Toe-tapping travel, a to-do list
By Jamie Hazlett
Sun Star Columnist
Regardless of whether or not you went to see the Blackwater Blues Band perform at the Pub last Friday night, there can be no question that the blues and blues culture are a heady recipe for travel. Not only does a good playlist of Leadbelly, Willy Dixon, B.B. King and John Lee Hooker help long layovers and tedious flights pass with ease, it can be the inspiration for a whirlwind tour of the places and faces essential to the genre. With that in mind, prepare to shake off your February funk and get your toes tapping in places near and dear to the heart of the music.
By focusing on the two main centers of blues culture, Chicago and Memphis, one can easily visit a number of music-based attractions in the span of a week. The first stop is Memphis, Tennessee, where the infamous Beale Street witnessed the birth of the blues. The epicenter of Memphis nightlife in the first decades of the 20th century, Beale Street was a magnet for Delta blues musicians drawn to the sound pioneered by W.C. Handy, writer of the hallmark song “Memphis Blues.” Today’s Beale Street-bound blues aficionados can visit Handy Park to hear live performances, visit the W.C. Handy House and Museum to get a sense of the man himself, or head down to B.B. King’s Blues Club for good food and great music. Shop the myriad street vendors, drop into a club or two, and don’t forget to keep your eyes and ears peeled for the modern bluesmen who can frequently be found playing up and down the length of Beale Street.
If you really want to steep yourself in blues history, swing south to Clarksdale to visit the Delta Blues Museum. Only an hour and a half from Memphis, Clarksdale and its surroundings were the early stomping grounds of greats from Muddy Waters to Sam Cooke to John Lee Hooker. Visit Red’s Lounge to experience the feel of a real juke joint, and catch some phenomenal music while you’re there. Overall, Clarksdale can be done in a day or so, and it makes an excellent side trip from Memphis.
Fast-forward to Chicago, where blues migrated during the early 1940s. In their new urban setting, the blues took on a more electric sound that was perfected by the likes of Tampa Red and Elmore James. Go in June if you want to catch the annual Chicago Blues Festival, where performances run the gamut of blues styles and feature both well known and up-and-coming acts. If you’re an aspiring blues musician, a visit to the Chicago Music Exchange absolutely must be on your to-do list. This emporium features a wide range of new and vintage equipment, with a diverse stock that changes constantly. Your mouth will water and your fingers will itch at the sight of the guitars that cover the showroom walls. Swing by Vintage Vinyl Records or Coop’s Underground Music to search for rare recordings in any and all genres of music – there’s no better piece of memorabilia to take home from a music-centered trip than a hard-to-find LP of your favorite artist. Finally, make sure to reserve some time for the Chicago Blues Museum before taking in a drink and a live performance at one of the city’s numerous blues clubs.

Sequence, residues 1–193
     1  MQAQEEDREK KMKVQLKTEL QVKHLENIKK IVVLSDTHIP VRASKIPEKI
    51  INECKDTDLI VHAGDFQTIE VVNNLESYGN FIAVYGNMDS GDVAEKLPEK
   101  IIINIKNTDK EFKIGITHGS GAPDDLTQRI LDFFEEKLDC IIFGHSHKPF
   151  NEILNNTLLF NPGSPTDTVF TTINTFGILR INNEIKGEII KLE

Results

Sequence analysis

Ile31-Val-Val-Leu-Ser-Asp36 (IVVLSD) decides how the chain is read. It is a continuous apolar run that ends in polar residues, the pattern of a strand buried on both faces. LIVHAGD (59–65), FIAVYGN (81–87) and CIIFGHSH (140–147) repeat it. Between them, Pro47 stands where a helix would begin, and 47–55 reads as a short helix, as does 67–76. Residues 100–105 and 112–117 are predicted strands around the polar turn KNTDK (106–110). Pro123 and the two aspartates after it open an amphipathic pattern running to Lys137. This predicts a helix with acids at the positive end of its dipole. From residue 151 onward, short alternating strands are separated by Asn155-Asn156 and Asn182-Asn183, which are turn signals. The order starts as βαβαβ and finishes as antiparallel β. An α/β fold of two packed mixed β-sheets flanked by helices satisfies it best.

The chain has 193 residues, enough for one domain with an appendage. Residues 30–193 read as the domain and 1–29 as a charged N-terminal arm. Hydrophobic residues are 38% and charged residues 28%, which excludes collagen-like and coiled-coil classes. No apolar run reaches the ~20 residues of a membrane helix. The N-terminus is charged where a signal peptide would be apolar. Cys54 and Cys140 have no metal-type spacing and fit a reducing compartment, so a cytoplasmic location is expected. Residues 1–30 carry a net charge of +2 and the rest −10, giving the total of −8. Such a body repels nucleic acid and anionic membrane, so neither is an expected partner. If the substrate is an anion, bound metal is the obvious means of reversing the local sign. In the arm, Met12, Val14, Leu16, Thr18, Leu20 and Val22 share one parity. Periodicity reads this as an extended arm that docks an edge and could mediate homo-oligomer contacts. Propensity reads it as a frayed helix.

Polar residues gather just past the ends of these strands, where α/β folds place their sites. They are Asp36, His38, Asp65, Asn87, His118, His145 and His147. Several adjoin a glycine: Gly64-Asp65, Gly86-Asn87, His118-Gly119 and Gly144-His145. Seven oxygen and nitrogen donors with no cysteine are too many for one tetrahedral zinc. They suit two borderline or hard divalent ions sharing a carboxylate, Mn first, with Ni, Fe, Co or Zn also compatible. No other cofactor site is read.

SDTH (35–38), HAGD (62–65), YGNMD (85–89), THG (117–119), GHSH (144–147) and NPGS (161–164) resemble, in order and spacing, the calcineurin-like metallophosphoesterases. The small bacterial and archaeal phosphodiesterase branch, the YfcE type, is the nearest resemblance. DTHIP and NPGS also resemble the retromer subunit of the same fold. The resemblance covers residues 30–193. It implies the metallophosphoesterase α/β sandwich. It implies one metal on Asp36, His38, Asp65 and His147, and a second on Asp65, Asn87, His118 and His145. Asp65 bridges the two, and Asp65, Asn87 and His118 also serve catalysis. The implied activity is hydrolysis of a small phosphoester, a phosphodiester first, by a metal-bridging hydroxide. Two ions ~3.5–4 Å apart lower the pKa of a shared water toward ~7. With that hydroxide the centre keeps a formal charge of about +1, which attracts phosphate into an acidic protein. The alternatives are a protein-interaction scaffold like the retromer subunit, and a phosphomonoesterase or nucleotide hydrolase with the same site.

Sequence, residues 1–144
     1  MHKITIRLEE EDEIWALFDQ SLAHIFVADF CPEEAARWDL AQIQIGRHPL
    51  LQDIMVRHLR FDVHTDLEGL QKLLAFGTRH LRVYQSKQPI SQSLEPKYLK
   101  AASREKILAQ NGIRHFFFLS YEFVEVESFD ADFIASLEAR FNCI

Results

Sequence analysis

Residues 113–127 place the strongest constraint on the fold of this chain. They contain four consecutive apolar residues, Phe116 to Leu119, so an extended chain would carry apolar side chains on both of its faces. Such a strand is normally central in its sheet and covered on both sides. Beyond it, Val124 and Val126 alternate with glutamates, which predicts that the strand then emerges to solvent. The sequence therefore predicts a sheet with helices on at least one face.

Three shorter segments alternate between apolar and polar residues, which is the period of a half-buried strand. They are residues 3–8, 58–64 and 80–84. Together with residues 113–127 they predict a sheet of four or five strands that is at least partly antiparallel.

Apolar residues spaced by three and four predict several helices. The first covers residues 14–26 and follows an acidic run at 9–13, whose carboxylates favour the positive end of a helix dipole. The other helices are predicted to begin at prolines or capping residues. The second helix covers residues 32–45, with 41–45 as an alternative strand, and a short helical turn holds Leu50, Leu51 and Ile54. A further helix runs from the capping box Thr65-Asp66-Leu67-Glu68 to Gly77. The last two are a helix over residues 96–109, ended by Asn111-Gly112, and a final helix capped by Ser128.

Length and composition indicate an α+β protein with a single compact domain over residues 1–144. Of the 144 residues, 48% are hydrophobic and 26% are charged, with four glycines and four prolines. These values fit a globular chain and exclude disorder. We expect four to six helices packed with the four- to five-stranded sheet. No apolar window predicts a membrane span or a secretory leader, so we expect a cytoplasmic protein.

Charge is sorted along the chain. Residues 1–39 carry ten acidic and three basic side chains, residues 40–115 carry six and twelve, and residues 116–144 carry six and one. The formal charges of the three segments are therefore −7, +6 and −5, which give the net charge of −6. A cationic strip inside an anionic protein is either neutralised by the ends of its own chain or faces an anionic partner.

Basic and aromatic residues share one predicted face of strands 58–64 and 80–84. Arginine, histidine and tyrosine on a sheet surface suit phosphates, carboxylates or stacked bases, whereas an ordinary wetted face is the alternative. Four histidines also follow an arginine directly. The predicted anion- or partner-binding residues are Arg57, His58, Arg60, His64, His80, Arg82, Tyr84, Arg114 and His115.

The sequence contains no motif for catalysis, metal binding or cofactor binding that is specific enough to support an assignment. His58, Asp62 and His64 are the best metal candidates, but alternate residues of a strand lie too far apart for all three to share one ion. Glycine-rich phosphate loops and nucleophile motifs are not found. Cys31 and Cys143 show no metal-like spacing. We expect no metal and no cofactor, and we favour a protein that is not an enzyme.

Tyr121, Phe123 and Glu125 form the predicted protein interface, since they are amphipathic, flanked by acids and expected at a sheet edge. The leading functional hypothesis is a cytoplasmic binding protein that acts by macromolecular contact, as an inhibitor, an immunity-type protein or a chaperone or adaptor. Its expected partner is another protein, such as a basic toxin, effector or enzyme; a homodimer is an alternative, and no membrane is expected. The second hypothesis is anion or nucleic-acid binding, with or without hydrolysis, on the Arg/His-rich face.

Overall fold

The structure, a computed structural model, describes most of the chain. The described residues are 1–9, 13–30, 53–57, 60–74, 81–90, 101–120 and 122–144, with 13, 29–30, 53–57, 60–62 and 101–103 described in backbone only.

Although the above itinerary highlights only the two broadest and most well-known types of blues, both new and old fans are sure to find something to delight and inspire them. Singles, couples, and families can easily tailor a music-themed trip to suit their own needs, and the beauty of traveling with everything blues as your destination is that you are guaranteed to encounter others along the way who share your passion. Whether you prefer to follow in the footsteps of iconic Blues Brothers Jake and Elwood or to have a deep conversation about the pros and cons of various scales with a local musician, there’s no better way to escape the winter doldrums then to go chasing after the blues.